April 30, 2004

Intelligence vs. random fluctuations

BlogPulse scans about 750,000 weblogs for "Key Phrases, Key People, BlogBites, and Top Links", and displays the results on a day-by-day basis. The algorithms are said to look for "bursty" items rather than simply common ones. As I understand it, this means that "George Bush" (for example) shouldn't show up in "key people" unless the number of mentions of him increases significantly, relative to some estimate of the expected background level.

This is a demo project from the "Intelliseek Applied Research Center", which was set up after Intelliseek "brought on board key members of WhizBang! Labs, a Pittsburgh technology team specializing in natural language programming, text mining, data retrieval and other technologies." Other refugees from WhizBang!, an unfortunate casualty of the dot.com bust, include Fernando Pereira and Andrew McCallum.

Here's the picture that Intelliseek uses to convey their "technology vision":

It's got a lot in common with the vision of DARPA's current TIDES project ("Translingual Information Detection, Extraction and Summarization"). DARPA has been supporting research in related areas for several decades, and it's clearly about time for this investment to start paying off

The technology in BlogPulse seems to work well in some areas, such as detection of personal names, which seems at least not to have many false positives. This is expected since named entity tagging is a pretty mature technology. I'm more impressed that their listing of "Key Phrases" seems to be picking up strings that really are English phrases, as opposed to word sequences that happen to occur more often than expected but cross-cut phrase boundaries. Phrase-finding with a low rate of false positives is not easy.

However, it looks like BlogPulse is not trying to connect alternate forms of names across documents. For example, yesterday's references to Elton John are listed as instances of the name "Sir Elton", and the references to Kofi Annan are listed as instances of "General Kofi Annan" (apparently because the algorithms truncated "Secretary-General Kofi Annan"). Elton John and Kofi Annan are famous enough that if BlogPulse were tracking entity mentions across documents, and doing a decent job of it, they should be getting these right. So I conclude that they've punted on this one -- and this is a big thing to leave out if you really want to turn unstructured text data into "intelligence". In my opinion, (what's sometimes called) cross-document entity tracking is a key problem for technologies of this general kind, maybe the key problem. That's not just because most users want to see the indexing done right -- it's also because if you make the connections accurately, you get a graph (of entity mentions across documents) that you can use for all kinds of other neat (and non-obvious) stuff.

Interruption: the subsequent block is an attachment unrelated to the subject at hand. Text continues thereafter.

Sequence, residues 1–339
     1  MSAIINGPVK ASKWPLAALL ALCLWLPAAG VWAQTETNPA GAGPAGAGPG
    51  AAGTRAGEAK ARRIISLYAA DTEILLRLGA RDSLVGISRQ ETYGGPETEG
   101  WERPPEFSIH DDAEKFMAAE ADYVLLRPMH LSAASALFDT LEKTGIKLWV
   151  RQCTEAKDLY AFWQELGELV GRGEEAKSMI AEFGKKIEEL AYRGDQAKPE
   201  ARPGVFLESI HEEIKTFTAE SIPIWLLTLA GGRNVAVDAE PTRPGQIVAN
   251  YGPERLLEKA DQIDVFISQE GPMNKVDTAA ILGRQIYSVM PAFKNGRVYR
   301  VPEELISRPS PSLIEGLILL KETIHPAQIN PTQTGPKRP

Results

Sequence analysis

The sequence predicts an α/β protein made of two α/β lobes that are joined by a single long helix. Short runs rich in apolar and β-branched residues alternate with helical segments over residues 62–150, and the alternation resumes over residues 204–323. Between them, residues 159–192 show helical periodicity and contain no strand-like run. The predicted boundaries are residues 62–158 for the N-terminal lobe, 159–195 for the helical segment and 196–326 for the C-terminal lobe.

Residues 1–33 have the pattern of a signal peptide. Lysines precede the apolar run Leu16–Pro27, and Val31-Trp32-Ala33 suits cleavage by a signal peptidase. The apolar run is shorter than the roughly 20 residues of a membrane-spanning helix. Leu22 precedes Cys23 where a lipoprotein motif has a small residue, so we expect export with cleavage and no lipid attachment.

I'm also not convinced that BlogPulse is doing a very good job of distinguishing random statistical blips in term frequency from significant trends. It's hard to judge this for "key people", since any name that occurs fairly often probably reflects discussions that are connected at least via the individual named, and without a fair amount of fussing with the data, it's hard for me to judge whether (say) Kofi Annan really was discussed significantly more often yesterday than usual.

However, for the "Key Phrases", it's a lot easier to make a judgment on this point, and my evaluation is that BlogPulse hasn't got it right yet. For example, "Key Phrase" #3 (of 40) for yesterday (4/29/2004) was "very good friend", and as far as I can tell from the list of "sample citations" given, none of them have anything to do with any of the others. I'll assume that "very good friend" usually occurs less than 19 times a day, but the fact that it came up 19 times yesterday (in the new entries on 750,000 blogs) seems to have been just a random statistical fluctuation, not any sort of leading indicator of warm feelings of fellowship sweeping through the blogosphere.

I feel the same way about many of yesterday's other "Key Phrases". Maybe the BlogPulse algorithm for estimating likelihood ratios needs a tune-up? Or maybe they forgot the Bonferroni correction or some appropriate approximation to it? This is likely a source of problems, since the number of tests implicitly done is quite large (perhaps as large as count of all the N-grams in the day's blogtext, for 2<=N<=4), and so it won't be easy to steer between the Scylla of fantasy and the Charybdis of obliviousness.

I'm not sure what to make of the BlogBites, which are "weblog entries from the Blogsphere which showcase the past day's burstiest themes." The site doesn't tell us what a "theme" is, algorithmically, and I can't say that their selection strikes me as getting at the essence of anything. I wouldn't be shocked to see the same list presented by some human as his or her idea of the most important posts of the day. But on the other hand, I also wouldn't be surprised to see the list emerging from a selection of first paragraphs at random from the day's scraping of blogtext.

One final comment: the limitation to day-by-day textual listing of Key X's is too bad. It would be nice to see graphs of mentions of Key X's over time -- weeks or months. Then you could really see the pulse of the blogs.

Posted by Mark Liberman at April 30, 2004 09:00 AM